How Can Emerging Managers Raise Institutional Capital While Avoiding Regulatory Pitfalls?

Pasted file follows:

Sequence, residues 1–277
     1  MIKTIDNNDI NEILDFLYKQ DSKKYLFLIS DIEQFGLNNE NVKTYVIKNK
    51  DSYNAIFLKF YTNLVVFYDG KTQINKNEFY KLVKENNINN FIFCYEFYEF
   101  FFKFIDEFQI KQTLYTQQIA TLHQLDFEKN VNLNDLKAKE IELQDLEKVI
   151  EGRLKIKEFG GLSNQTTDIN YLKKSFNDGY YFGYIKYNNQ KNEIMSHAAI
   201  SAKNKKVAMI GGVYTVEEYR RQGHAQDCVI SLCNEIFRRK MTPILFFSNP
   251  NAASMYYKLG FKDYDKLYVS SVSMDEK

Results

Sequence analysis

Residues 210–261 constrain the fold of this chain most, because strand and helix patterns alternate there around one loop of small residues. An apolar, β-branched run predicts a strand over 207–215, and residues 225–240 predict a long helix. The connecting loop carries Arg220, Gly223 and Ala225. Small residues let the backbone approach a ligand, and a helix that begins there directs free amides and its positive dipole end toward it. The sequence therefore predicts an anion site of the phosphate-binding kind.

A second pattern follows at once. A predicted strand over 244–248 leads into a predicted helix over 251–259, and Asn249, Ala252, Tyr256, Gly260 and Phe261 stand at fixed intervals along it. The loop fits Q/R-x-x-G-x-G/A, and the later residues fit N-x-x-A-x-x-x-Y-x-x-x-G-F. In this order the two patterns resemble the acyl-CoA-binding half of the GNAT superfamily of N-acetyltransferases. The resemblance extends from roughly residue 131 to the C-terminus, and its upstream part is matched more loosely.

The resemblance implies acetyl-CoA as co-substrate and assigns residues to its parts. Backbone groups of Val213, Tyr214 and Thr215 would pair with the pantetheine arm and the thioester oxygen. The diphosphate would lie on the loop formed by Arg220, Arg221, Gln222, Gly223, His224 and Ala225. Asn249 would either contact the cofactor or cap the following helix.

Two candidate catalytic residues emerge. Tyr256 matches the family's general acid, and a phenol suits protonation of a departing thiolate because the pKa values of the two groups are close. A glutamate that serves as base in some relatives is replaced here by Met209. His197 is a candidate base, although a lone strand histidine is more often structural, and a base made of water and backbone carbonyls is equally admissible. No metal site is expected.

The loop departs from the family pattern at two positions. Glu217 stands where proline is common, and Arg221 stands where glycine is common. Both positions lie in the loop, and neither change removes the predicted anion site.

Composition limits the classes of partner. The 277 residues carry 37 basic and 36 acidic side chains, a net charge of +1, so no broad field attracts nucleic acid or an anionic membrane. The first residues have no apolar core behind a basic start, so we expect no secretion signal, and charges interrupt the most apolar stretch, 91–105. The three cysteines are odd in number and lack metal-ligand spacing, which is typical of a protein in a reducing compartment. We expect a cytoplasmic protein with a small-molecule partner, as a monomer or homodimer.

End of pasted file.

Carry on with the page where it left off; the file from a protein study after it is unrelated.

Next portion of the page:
The current capital-raising and regulatory environments are challenging for all hedge fund managers, but particularly for emerging managers.  Institutional investors expect institutional quality infrastructure at the managers to which they allocate capital – and those expectations are not materially adjusted or abridged for manager size.  Start-up and emerging managers therefore face considerable obstacles to entry: they have to build institutional operations before having institutional cash flows.  Accordingly, third-party capital is increasingly perceived as necessary to starting a management company, though not sufficient.  Sufficiency requires more these days – a brand, an identifiable competitive advantage, a coherent strategy and other attributes.  An event recently hosted by the law firm Herrick, Feinstein LLP – which included participants from third-party capital providers, administrators and other service providers, in addition to Herrick partners – focused on the challenges facing emerging managers and identified solutions to many of those challenges.  In particular, the event highlighted strategies for marketing by emerging managers to institutional investors; manager selection criteria employed by institutional investors; methods whereby emerging managers may enhance their operating and compliance systems; and regulatory hurdles that emerging managers must surmount.  This article highlights the pertinent points raised at the event.  See also “SEI Study Offers a Reality Check to Hedge Fund Managers on What Actually Works When Marketing to Institutional Investors,” Hedge Fund Law Report, Vol. 6, No.15 (Apr. 11, 2013).

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